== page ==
As a prefatory note to the questions and answers below, we strongly recommend employers consult with legal counsel when contemplating a workplace vaccine program.  While mandatory vaccination programs may generally be permitted, the federal Equal Employment Opportunity Commission (EEOC) has long taken the position in its pandemic guidance that employee vaccination should be encouraged rather than required.  As such, before implementing a mandatory program, employers should consider whether an alternative approach may be preferable for their workforce.  Examples of such alternatives include:  encouragement programs, voluntary incentive programs (which have their own set of risks), teleworking arrangements, mandatory diagnostic testing programs, and implementation of additional social distancing and protective measures.

(1) May an employer require employees who will be present on company property to obtain a vaccine when it becomes readily available to the general public?

Generally, yes; provided that

REMINDER: New COVID-19 Reporting Obligations for California Employers Took Effect January 1, 2021

January 12, 2021

Categories

New reporting requirements for COVID-19 exposures at work became effective on January 1, 2021. The new requirements impose obligations for employers to notify employees (and employers of subcontracted employees) of COVID-19 exposures and to notify public health officials of outbreaks in the workplace. The new law also expands the authority of Cal/OSHA to close down a workplace, or portion of a workplace, if Cal/OSHA determines that it is unsafe due to COVID-19.  We have summarized below the details of the new requirements.

Closures, Prohibitions on Use, and Posting at the Workplace.  When a place of employment, operation, or process, or any part thereof, exposes workers to the risk of infection from COVID-19 which creates an imminent hazard, Cal/OSHA may prohibit entry  or prohibit the operation or process.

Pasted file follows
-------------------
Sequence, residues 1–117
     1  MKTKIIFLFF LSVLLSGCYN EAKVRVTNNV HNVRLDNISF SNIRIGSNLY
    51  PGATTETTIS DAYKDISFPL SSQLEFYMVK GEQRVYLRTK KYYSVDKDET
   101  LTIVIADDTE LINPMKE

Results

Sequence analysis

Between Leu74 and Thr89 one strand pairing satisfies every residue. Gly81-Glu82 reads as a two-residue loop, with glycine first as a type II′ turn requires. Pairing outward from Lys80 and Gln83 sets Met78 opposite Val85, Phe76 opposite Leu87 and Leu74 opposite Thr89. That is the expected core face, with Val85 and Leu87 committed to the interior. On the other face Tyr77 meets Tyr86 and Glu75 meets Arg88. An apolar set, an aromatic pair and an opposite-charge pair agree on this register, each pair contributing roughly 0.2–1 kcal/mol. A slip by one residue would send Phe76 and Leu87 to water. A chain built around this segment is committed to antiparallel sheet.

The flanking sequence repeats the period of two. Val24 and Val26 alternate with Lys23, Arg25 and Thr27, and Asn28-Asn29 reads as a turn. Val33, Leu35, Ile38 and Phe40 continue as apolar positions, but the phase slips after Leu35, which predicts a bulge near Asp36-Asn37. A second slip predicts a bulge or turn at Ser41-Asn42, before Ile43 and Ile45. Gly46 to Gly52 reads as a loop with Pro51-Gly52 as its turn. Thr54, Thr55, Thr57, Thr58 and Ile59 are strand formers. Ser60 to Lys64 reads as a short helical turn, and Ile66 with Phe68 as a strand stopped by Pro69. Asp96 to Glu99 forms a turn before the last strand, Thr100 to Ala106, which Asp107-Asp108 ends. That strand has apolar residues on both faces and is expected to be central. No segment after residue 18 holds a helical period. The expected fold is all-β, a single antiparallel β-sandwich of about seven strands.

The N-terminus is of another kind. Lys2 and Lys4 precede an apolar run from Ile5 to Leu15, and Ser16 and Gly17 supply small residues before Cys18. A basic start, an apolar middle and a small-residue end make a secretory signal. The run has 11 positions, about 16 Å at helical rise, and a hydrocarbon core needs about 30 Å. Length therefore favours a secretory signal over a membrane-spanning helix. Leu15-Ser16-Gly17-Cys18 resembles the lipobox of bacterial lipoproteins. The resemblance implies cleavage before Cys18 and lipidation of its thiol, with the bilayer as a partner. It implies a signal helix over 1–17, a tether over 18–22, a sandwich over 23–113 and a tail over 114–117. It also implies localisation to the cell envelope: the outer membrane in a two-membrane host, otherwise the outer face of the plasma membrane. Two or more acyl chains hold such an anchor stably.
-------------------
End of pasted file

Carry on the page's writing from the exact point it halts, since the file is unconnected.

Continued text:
• The prohibition must be limited to the immediate area where the hazard exists.
  • The employer must post the notice provided by Cal/OSHA in a conspicuous location in the workplace, and the notice may only be removed by Cal/OSHA after a determination that the place of employment, operation, or process is safe.

Notice to Employees. If an employer receives notice of a potential exposure to an individual who was infected with COVID-19

US COVID-19: Risky Business – Navigating Workplace Issues Involving High Risk Employees

As states across the country see spikes in COVID-19 cases, employers continue to wrestle with how to handle “high risk” employees, i.e., employees who are at an increased risk for severe illness from COVID-19.  Guidance from a variety of agencies on the topic, including the Equal Employment Opportunity Commission (“EEOC”), the Centers for Disease Control and Prevention (“CDC”), and the Occupational Safety and Health Administration (“OSHA”), has been published in waves, leaving many to wonder how this guidance may or may not continue to be relevant.

Below are six important areas of the law to consider when navigating this evolving landscape.  As a reminder, each individual employee’s circumstances are unique, so while employers should have a consistent procedure in place for triaging high risk employees’ presence in the workplace, employers should also be prepared to develop individualized solutions based on an employee’s specific needs.

  1. The Americans with Disabilities Act (“ADA”): Employees with certain underlying health conditions may qualify as “high risk” and thus be entitled to a reasonable accommodation under the ADA.  While accommodations may include a leave of absence or telework arrangement, other possible accommodations include permitting the employee more frequent hygiene breaks, excusing

U.S. COVID-19: OSHA & Your Reopening Plans: A Step-By-Step Guide for Employers

As state and local governments begin to ease restrictions on businesses and increasingly look to “reopen” economic activity, employers are evaluating how to safely return employees to the workplace. This preparation must include not only understanding the parameters of state and local orders (which often include basic social distancing measures, such as staying 6 feet apart, or requiring employees to wear face coverings), but also considering obligations under standards set by the federal Occupational Safety and Health Administration (“OSHA”).

Below is a guide for employers to consider as they evaluate safe return-to-work strategies during the ongoing COVID-19 pandemic. Please consult BCLP’s additional guidance for a broader discussion of other considerations when developing a “reopening plan.”

Step 1: Review state and local orders to determine whether a business or workplace is permitted to reopen.

As an initial step, an employer must determine whether, when and to what extent it can open and maintain in-person operations. State and local orders vary in their definitions of “essential businesses” permitted to operate. For example, Georgia’s recent “reopening” orders only grant a small subset of businesses permission to reopen. BCLP is tracking the current status of state and local shelter-in-place orders